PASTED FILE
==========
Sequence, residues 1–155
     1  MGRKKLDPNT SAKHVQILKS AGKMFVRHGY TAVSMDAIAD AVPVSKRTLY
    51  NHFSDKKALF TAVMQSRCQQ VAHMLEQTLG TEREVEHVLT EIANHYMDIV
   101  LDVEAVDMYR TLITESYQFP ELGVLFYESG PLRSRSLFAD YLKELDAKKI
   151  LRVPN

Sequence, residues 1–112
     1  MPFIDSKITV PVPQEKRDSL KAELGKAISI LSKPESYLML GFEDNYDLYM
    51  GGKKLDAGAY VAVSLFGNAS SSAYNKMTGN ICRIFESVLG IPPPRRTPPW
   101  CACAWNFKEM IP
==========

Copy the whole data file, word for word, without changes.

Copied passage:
Sequence, residues 1–155
     1  MGRKKLDPNT SAKHVQILKS AGKMFVRHGY TAVSMDAIAD AVPVSKRTLY
    51  NHFSDKKALF TAVMQSRCQQ VAHMLEQTLG TEREVEHVLT EIANHYMDIV
   101  LDVEAVDMYR TLITESYQFP ELGVLFYESG PLRSRSLFAD YLKELDAKKI
   151  LRVPN

Sequence, residues 1–112
     1  MPFIDSKITV PVPQEKRDSL KAELGKAISI LSKPESYLML GFEDNYDLYM
    51  GGKKLDAGAY VAVSLFGNAS SSAYNKMTGN ICRIFESVLG IPPPRRTPPW
   101  CACAWNFKEM IP